Things To Do When You Have Writers Block

Things to Try When You Just Can’t Write you have “Writer’s Block”

It happens to everyone who writes at some point; the words are somehow blocked from the writer. Each person is different and uses different methods to move past this state of stuck pen on the page.

Writer's block may be from no inspiration, no time or no ideas. The longest this lasts is about 2 months. And then you have writers burnout. This can last from 3 months to a full year.
Writer's block may have several causes. Some are creative problems that originate within an author's work itself.

Other blocks may be produced by adverse circumstances in a writer's life or career: physical illness, depression, the end of a relationship, financial pressures, or a sense of failure.
Some blocks occur in our environment. For example, dress codes and tidy offices at work are all subtle signals that remind us that we must conform, even in our thinking. Most of the time this is not a bad thing, but when we want to be creative it can be subtly obstructive, even when we are working alone. If you want to be creative, it can be a good idea to go offsite.

Maya Angelou explained in the book Writers Dreaming:

“I suppose I do get ‘blocked’ sometimes but I don’t like to call it that. That seems to give it more power than I want it to have. What I try to do is write. I may write for two weeks ‘the cat sat on the mat, that is that, not a rat,’ you know. And it might be just the most boring and awful stuff. But I try. When I’m writing, I write. And then it’s as if the muse is convinced that I’m serious and says, ‘Okay. Okay. I’ll come.’”

Below are possible methods that should be helpful, along with some tips and strategies that can be helpful.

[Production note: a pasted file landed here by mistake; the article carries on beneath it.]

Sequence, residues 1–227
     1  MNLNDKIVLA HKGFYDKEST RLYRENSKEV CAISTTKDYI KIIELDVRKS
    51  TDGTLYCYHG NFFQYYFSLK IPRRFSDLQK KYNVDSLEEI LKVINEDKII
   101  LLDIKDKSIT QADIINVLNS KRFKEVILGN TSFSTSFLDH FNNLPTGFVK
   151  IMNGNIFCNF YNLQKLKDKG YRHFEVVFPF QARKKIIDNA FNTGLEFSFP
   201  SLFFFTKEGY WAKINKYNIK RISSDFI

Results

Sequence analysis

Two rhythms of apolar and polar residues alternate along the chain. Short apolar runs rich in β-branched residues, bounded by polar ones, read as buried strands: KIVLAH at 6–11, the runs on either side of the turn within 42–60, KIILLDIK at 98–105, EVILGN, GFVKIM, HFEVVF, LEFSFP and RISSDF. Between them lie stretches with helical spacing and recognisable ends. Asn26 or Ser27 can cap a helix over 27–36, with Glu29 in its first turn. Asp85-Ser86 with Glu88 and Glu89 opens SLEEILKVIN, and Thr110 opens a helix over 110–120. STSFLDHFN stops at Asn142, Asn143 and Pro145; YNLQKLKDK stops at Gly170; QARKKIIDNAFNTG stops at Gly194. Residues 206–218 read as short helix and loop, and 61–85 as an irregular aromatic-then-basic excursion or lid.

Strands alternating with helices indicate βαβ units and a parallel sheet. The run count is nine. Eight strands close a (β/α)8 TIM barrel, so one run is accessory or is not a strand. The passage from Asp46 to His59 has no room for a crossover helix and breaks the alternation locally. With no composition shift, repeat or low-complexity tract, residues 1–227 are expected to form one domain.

➔ Try free writing, or writing without editing.

➔ Use brainstorming (mapping, outlining, or listing ideas) techniques.

➔ Use note cards to separate ideas. Make up your own system – whatever works best for
you, not what works for someone else.

➔ Go back and forth between generating writing and editing your writing. Focus solely on
getting the words on the paper, then focus solely on making the words make sense. Rinse
and Repeat.

➔ In the same way, go back and forth between generating words (saying things) and
generating ideas (what you want to say). Start with one (which one doesn’t matter), then go to the other. Rinse and Repeat.

➔ Abandon your first draft for a few days (or even a few hours) and start fresh after you've been away from it. Your writing will look different after some time has passed.

➔ Let yourself write what you feel. Once you’ve gotten it down, you can make it work in your writing or take it out.

➔ Give yourself deadlines. Desperation often silences your inner editor.

➔ Cut out wordy phrases. Say what you mean.

➔ Follow your instincts. They are usually right.

➔ Remember: there is no right or wrong way to write.

➔ Try not to be disappointed with what you do write. Just like athletes, writers have to
exercise their writing “muscles” to get better, and sometimes that means writing work that
isn't your absolute best.

➔ Don’t be afraid to write “stupid” ideas. Just because you write (or type) they don’t mean
you have to turn that in, and sometimes you need to write it to get it out of your head.

➔ Don’t mistake editing for writing. Writing comes first; editing comes last.

➔ Improvement in writing takes time. Again, don’t be disappointed if you don’t see
immediate improvement.

➔ Don’t rush. Even the best writers need time in order to write something good.

➔ Read. Read a lot. The best way to learn how to write is to see writing used.

How to Overcome Writer's Block


You Don’t Need to Set an Insane Word Count Goal

How to Become a Prolific Writer: Set a Daily Word Count Goal

Graham Greene’s daily writing goal was only 500 words. | 1978 photo of author Graham Greene. Credit: Karsh via LA Times

How To Overcome Creative Blocks & Writer's Block


Creative Blocks & Writer's Block - Practical techniques for how to break out of a creative block immediately and start producing create art again


Many of these we have blocks come from our past and are programmed in from an early age. We are taught to follow the rules, be logical and not rock the boat. Our parents, teachers, and peers have all helped us put some powerful psychological blocks in place to keep us on the straight and narrow socially-acceptable road. Most of the time this is perfectly useful, but when we want to be creative, it is just a darned nuisance.

In the final analysis, all blocks are internal, although the people and things around us can still make it easier or harder to get into a creative frame of mind

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